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Monday, June 14, 2010

Alcohol, Marijuana, and Taxes

In the fall, California voters will decide on a measure to legalize marijuana in the state. According to its website, the ballot initiative would:
Control cannabis like alcohol: Allow adults 21 and older in California to possess up to one ounce of cannabis

Give local governments the ability to tax the sale of cannabis to adults 21 and older

Generate billions of dollars in revenue to fund what matters most in California: jobs, healthcare, public safety, state parks, roads, transportation, and more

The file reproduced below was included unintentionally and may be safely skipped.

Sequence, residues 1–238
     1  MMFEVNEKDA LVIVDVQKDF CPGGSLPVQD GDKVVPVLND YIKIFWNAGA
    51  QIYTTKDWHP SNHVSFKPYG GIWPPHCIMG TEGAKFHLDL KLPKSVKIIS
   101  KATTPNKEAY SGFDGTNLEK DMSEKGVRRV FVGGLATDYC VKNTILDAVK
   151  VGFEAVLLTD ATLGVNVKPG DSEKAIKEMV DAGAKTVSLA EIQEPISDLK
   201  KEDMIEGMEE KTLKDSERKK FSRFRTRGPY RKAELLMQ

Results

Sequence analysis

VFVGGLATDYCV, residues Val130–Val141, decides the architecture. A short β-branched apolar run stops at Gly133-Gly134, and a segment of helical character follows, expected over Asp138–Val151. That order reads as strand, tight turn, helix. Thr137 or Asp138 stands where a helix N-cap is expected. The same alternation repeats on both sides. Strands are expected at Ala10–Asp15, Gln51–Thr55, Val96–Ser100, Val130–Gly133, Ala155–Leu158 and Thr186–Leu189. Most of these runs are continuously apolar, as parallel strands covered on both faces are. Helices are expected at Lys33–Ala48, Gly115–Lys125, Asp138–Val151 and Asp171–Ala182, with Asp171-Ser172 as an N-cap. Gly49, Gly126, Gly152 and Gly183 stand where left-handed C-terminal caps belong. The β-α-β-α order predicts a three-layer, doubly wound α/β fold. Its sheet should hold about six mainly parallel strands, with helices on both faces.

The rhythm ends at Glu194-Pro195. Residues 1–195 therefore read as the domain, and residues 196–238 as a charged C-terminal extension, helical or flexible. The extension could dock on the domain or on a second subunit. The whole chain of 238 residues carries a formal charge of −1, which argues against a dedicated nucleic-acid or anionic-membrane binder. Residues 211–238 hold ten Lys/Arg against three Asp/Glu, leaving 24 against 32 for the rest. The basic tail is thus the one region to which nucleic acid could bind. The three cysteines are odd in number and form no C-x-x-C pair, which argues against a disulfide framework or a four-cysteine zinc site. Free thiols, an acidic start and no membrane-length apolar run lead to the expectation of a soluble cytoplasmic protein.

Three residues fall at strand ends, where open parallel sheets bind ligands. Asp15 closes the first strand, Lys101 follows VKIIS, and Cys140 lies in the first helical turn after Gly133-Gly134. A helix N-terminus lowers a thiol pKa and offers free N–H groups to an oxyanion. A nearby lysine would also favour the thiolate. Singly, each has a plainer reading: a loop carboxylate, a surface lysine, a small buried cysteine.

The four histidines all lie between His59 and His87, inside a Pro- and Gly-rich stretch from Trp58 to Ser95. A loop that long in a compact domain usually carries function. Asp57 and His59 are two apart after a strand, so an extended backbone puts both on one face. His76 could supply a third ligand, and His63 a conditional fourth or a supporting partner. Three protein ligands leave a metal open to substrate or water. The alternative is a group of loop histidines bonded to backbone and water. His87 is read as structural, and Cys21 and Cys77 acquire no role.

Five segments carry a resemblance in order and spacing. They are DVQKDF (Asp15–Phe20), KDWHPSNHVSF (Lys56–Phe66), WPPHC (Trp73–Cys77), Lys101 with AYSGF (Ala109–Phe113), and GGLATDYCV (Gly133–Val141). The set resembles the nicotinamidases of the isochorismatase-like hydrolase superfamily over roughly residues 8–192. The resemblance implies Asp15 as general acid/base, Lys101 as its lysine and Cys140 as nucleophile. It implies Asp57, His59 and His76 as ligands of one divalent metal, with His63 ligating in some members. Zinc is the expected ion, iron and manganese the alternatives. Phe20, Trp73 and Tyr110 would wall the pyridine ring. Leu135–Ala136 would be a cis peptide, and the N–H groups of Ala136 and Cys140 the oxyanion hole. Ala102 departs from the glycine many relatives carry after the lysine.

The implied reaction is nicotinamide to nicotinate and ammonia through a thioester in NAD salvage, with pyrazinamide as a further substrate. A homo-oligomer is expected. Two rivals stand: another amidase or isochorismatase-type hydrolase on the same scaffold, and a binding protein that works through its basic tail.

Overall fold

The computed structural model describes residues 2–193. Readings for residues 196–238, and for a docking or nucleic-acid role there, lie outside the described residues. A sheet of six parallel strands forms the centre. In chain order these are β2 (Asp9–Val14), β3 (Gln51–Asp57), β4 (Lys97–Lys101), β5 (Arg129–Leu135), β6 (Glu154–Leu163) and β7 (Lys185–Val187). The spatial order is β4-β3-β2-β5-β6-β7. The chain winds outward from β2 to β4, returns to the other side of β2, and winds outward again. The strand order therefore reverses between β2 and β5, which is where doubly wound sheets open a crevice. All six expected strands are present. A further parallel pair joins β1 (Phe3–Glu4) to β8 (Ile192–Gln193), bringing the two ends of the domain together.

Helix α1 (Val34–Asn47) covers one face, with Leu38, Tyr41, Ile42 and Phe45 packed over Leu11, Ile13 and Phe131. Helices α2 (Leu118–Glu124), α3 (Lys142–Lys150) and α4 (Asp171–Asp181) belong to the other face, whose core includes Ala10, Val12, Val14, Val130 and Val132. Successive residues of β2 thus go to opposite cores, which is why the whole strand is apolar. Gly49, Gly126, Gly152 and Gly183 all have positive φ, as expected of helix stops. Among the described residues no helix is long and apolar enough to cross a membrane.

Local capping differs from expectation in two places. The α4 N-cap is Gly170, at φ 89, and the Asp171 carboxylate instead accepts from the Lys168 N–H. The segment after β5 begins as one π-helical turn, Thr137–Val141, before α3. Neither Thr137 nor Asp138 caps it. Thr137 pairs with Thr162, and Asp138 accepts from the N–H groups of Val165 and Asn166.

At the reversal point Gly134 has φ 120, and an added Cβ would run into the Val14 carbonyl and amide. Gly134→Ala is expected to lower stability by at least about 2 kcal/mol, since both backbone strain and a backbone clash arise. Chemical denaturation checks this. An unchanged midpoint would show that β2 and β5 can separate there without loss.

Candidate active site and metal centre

The revenue claim is highly debatable. Even if the measures passes, marijuana will still be illegal under federal law. Filing tax paperwork on marijuana sales would amount to confessing to a federal offense -- in writing. It is questionable whether many businesses would be willing to do so.

In the New York Times, Daniel Okrent uses the example of Prohibition to warn that marijuana revenues would not bring income tax relief. Advocates of repeal, such as Pierre duPont, argued that revenue from alcohol taxes would allow Congress to scrap income taxes on corporations and individuals. Things did not work out as they had hoped.
Roosevelt and Congress did respond to the repeal windfall by cutting income tax rates for workers earning less than $3,000 a year. But the New Deal had little sympathy for the wealthy, whose taxes actually increased over the next few years. Rather than the trade-off duPont expected, the government used the excise income to expand.